Thursday's Worst Stocks in the World

Bad days. We all have them; some of us deserve them.

Here are five stocks whose naughty ways drew investors' scorn on Thursday:

Company

Closing Price

CAPS Rating (5 max)

% Change

52-Week Range

Lithia Motors (NYSE:LAD)

$10.03

*

(31.63%)

$11.32-$30.54

Boston Private Financial (NASDAQ:BPFH)

$14.72

**

(26.58%)

$17.06-$30.33

Hertz Global Holding (NYSE:HTZ)

$13.07

**

(9.11%)

$11.71-$27.20

Heelys (NASDAQ:HLYS)

$5.56

*

(8.55%)

$5.52-$38.68

Quest Diagnostics (NYSE:DGX)

$48.31

****

(7.38%)

$47.98-$58.63

Sources: The Wall Street Journal, Yahoo! Finance, Motley Fool CAPS.

Naughty?
Well, OK, we can't exactly call these stocks naughty. There are days when five-star winners and newsletter recommendations appear here. Today, for example.

If you're an investor, you'll have plenty of bad days. The trick is to avoid dating -- or, worse, marrying -- your losers. That's why I listen when our 83,000-plus-person-strong Motley Fool CAPS community of stock pickers speaks with a poor rating or a negative pitch. You should, too.

Thus, here is today's list of the worst stocks in the world.

Worse
We begin with Boston Private Financial, which copped to a big increase in reserves for unpaid loans.

The financier, which controls a series of investment managers and banks, says it will provide $11 million to $12 million to cover losses at First Private Bank, a Los Angeles-based affiliate whose $545 million portfolio includes real estate loans in Southern California, which could be some really bad real estate loans.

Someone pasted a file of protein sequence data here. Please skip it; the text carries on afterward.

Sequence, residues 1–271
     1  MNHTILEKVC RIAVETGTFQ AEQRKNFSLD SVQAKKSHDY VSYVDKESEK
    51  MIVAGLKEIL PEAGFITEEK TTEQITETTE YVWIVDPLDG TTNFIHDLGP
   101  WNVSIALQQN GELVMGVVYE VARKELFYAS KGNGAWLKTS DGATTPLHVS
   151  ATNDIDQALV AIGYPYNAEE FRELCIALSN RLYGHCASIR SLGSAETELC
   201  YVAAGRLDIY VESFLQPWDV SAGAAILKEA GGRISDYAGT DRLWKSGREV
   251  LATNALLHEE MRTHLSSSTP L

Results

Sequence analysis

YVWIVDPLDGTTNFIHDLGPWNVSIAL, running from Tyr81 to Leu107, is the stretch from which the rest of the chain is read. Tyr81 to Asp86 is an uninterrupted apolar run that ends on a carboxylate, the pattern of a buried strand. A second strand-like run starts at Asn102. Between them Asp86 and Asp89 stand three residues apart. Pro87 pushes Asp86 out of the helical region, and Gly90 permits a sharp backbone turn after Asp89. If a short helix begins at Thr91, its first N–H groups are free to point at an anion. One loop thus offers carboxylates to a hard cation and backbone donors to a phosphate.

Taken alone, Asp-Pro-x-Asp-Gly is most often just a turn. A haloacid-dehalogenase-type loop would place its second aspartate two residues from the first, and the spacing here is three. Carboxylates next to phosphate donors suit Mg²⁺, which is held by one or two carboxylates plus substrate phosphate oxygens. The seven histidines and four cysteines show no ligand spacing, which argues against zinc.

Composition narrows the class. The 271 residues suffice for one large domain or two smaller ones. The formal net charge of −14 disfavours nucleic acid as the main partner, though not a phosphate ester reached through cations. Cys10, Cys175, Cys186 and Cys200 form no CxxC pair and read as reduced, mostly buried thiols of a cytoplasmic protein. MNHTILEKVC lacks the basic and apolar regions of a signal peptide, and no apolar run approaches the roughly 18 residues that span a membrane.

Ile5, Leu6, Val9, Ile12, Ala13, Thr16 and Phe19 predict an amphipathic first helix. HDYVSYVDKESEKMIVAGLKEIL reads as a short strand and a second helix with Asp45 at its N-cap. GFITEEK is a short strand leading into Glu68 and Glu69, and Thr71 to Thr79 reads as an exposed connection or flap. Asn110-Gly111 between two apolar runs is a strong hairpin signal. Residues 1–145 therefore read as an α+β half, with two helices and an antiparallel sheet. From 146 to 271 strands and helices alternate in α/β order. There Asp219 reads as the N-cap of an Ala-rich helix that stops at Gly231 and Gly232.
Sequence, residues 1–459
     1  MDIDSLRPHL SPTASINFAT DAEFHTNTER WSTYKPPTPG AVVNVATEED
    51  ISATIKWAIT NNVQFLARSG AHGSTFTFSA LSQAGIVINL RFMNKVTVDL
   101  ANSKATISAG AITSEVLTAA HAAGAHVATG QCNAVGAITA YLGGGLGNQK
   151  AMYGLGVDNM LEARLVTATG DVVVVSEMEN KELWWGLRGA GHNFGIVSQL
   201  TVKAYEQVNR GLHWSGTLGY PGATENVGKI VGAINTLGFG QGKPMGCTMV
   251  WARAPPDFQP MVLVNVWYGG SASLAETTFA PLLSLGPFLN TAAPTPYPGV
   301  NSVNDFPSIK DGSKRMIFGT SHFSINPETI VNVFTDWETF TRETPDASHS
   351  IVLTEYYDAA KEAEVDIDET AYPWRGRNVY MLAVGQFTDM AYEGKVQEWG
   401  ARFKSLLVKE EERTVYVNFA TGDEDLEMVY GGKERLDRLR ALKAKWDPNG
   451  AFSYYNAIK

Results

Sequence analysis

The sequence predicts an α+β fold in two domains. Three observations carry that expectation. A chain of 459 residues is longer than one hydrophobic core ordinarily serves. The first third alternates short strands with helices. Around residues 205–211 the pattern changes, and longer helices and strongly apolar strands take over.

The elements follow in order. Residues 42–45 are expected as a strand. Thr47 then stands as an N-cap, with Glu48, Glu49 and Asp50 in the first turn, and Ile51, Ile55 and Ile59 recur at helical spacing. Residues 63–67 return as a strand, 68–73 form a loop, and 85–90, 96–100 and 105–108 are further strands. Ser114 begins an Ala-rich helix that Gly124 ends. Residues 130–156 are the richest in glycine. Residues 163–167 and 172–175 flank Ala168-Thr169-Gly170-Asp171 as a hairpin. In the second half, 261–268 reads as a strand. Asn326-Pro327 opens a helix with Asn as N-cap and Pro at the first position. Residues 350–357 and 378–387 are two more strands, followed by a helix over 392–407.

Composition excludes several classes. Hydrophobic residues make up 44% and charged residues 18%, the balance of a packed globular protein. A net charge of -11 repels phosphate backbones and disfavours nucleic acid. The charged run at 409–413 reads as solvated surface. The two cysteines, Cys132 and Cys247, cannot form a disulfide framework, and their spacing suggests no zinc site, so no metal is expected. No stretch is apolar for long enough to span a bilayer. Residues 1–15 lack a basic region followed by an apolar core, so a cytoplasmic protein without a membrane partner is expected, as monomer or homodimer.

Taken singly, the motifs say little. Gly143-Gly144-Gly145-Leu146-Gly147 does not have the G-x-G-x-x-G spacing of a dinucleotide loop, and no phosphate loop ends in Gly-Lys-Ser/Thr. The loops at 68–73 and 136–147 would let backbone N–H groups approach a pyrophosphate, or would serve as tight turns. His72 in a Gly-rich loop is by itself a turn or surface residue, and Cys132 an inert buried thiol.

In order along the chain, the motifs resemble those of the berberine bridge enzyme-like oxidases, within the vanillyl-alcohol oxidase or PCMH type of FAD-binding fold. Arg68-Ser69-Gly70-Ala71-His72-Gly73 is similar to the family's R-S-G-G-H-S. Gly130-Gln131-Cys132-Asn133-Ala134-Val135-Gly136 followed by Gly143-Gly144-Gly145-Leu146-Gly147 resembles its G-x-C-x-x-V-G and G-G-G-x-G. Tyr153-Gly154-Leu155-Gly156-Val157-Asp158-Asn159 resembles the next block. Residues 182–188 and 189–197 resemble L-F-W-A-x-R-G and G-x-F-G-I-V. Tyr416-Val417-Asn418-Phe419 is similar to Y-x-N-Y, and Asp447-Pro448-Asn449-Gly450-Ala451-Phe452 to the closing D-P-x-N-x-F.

Most of that payment will hit Boston Private on the bottom line. The company booked just $15 million in net profit last year. Ouch.

Worser
Next up is Quest Diagnostics, which offered worse-than-expected guidance for 2008 and admitted it would need millions more to settle a government investigation into a now-defunct unit.

Actually, make that "hundreds of millions." Quest, an Inside Value pick, increased its reserves by $190 million, to $241 million, and booked a $1.10 per share loss for the year from discontinued operations.

Interestingly, CAPS All-Star pnouri all but predicted the continuing problems in a bearish thesis posted a week ago. Quoting:

Look out below for the stock price of this diagnostic lab. There are many internal problems here, but their worst problem is the business they continue to lose to competitors due to contract shakeups ... The company will need to announce some sort of restructuring for lower sales before they can grow earnings again. Keeping your eye on the ball here, when the initial CEO left in 2003 or so, the stock topped out. I think it's a lesson to investors to find out why executives depart. [Emphasis added.]

I wouldn't call that perfectly prescient, but it's pretty darn close. Well done.

Worst
But our winner is teen shoe sensation Heelys, which waited till after 7 p.m. Eastern on Wednesday to reveal that it's about to lose a key executive. Quoting:

On February 16, 2008, Charles D. Beery gave notice that effective as of February 29, 2008 he would be resigning his position as Heelys, Inc.'s Senior Vice President -- Global Sales.

Whoops.

But maybe this isn't so bad. Heelys, like peers Crocs (Nasdaq: CROX  ) and Skechers (NYSE: SKX  ) , has been suffering from a slowdown in sales growth. That would appear to be Beery's department.

Still, the timing (long after market close) and structure (with almost zero detail) of this non-announcement announcement is troubling. It suggests to me that management is either losing talent it can't afford to lose or that Beery didn't like where the company was headed.

Either way, investors have good reasons to worry.

Heelys and its suddenly short-staffed management team ... Thursday's Worst Stock in the CAPS world.

Do you agree? Disagree? Let us know what you think by signing up for CAPS today. It's 100% free to participate.

I'll be back tomorrow with more stock horror stories.


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